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How to differentiate between frontend and backend workflows in Bubble.io: Step-by-Step Guide

Clarify your app's structure with insights on differentiating between frontend and backend workflows in Bubble.io for streamlined development.

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How to differentiate between frontend and backend workflows in Bubble.io?

Differentiating between frontend and backend workflows in Bubble.io is crucial for architecting your application effectively. Here's how to recognize and utilize these two types of workflows:

Step 1: Understand the Difference
Frontend Workflows: These are initiated by user actions, such as clicking buttons or submitting forms, and their primary purpose is to update the page that a user is currently viewing. These workflows depend on the user's interaction and require the page to be open for them to operate.
Backend Workflows: These are server-side processes that run independently of the user interface. They can operate without direct user interaction and do not require the user to have the app open on their device. Backend workflows can schedule tasks, process data, and handle requests from external APIs.

Step 2: Use Cases for Frontend Workflows
Common practices include changing the user interface, validating data inputted by users, and navigating between pages. They are managed within the page editor in Bubble.io and include actions like "Show", "Hide", and "Navigate to another page".

Step 3: Use Cases for Backend Workflows
Backend workflows are ideal for scheduled tasks such as sending out emails after a delay, cleaning up database entries, or triggering actions in response to database changes. They also manage recurring tasks like weekly reports or payment processing.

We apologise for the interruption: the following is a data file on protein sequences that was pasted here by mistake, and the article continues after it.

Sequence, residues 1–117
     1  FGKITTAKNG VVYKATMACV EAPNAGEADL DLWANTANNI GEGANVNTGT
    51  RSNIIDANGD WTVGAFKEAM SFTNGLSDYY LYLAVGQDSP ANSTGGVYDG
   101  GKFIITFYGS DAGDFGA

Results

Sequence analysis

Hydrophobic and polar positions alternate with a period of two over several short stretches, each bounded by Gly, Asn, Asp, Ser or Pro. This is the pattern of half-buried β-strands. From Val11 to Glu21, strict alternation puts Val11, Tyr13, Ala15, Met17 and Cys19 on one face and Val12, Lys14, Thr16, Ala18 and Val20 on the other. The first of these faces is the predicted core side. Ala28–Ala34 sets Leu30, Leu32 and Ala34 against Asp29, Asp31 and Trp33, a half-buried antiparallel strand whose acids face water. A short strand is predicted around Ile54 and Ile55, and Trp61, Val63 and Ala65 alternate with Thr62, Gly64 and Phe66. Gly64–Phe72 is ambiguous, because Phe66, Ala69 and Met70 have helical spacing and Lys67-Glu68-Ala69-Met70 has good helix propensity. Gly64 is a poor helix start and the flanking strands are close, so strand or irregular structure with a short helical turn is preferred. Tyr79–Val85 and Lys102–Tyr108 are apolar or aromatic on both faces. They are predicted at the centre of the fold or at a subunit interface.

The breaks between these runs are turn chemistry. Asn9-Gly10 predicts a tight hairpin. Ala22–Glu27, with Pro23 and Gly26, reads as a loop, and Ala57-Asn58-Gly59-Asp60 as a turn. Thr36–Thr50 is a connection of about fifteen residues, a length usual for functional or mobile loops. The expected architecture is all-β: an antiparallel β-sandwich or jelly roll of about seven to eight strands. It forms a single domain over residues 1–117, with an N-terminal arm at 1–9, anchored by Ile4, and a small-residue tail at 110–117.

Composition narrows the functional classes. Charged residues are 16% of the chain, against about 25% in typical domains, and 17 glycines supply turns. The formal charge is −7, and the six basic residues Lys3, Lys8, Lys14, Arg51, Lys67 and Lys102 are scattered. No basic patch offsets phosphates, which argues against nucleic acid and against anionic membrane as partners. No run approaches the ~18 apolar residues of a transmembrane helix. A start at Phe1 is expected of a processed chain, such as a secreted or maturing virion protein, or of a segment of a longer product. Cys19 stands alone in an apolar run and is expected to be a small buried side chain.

Step 4: Editing Backend Workflows
Backend workflows are created and edited in the backend workflows section of Bubble.io. Scheduled tasks, API endpoints, and data triggers are defined here.

Step 5: Access Backend Workflows
Navigate to the "Backend Workflows" tab in Bubble.io to access and manage these types of workflows. Look for options to schedule an API workflow or set up a recurring event.

Step 6: Managing Permissions and Exposure
Backend workflows can be exposed to external systems or kept internal. For those exposed as API endpoints, you'll need to manage permissions and possibly provide unique identifiers or tokens to authenticate external requests.

Step 7: Recognize Constraints
Note that certain backend features might be available only under specific Bubble.io plans. Always verify the capabilities of your plan to ensure it includes the backend features you need.

By distinguishing between frontend and backend workflows, you can assign tasks to the appropriate layer of your application, optimizing performance, and enhancing the user experience. The frontend focuses on immediate interaction with the user, while the backend handles behind-the-scenes processing and long-running tasks.

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